The leather strings on your western saddle are called latigos. The purpose of latigos is to allow the rider to tie various items that he may need to his saddle. Latigos were used by cowboys working cattle to carry ropes, water and any other supplies they believed they would need to survive in rugged terrain. Today latigos are often used by trail riders to carry supplies on the trail. You can add latigo strings to a saddle if it does not already have them.
Attach a small D-ring to the conchos on your saddle by unscrewing the concho from the skirt of the saddle and slipping the D-ring onto the screw that is holding the concho in place. Reattach the concho to the saddle. Make sure the D-ring is sitting at the bottom of the concho and is attached to the underside of it.
Fold your latigo in half and wrap it around the D-ring. Stick the two ends of the string through the loop that is created by the middle of the latigo. Pull down on the ends of the strings to tighten the knot. The latigo is now attached to your saddle.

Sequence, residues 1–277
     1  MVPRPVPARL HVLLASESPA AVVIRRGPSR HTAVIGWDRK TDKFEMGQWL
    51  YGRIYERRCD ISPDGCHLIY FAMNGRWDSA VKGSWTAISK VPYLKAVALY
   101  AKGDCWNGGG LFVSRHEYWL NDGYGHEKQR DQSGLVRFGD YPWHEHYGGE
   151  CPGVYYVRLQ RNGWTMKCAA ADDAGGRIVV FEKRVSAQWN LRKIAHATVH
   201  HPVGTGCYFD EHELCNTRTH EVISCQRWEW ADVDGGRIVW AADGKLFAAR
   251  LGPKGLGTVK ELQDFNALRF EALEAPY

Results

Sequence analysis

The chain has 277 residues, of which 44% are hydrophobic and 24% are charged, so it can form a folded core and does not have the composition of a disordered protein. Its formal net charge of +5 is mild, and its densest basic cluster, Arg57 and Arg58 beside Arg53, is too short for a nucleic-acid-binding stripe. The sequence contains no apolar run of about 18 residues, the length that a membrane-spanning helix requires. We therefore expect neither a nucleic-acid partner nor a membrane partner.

Tie the latigo to your items using a basic knot or a bow similar to how you tie your shoelaces. A small bow works well because you can easily untie it when the time comes to take your item loose. The leather latigo does not slip loose easily and so you do not need a complicated knot. Just wrap the two strings around the item, twist them through one another and pull them tight to secure your item.
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Jen Davis has been writing since 2004. She has served as a newspaper reporter and her freelance articles have appeared in magazines such as "Horses Incorporated," "The Paisley Pony" and "Alabama Living." Davis earned her Bachelor of Arts in communication with a concentration in journalism from Berry College in Rome, Ga.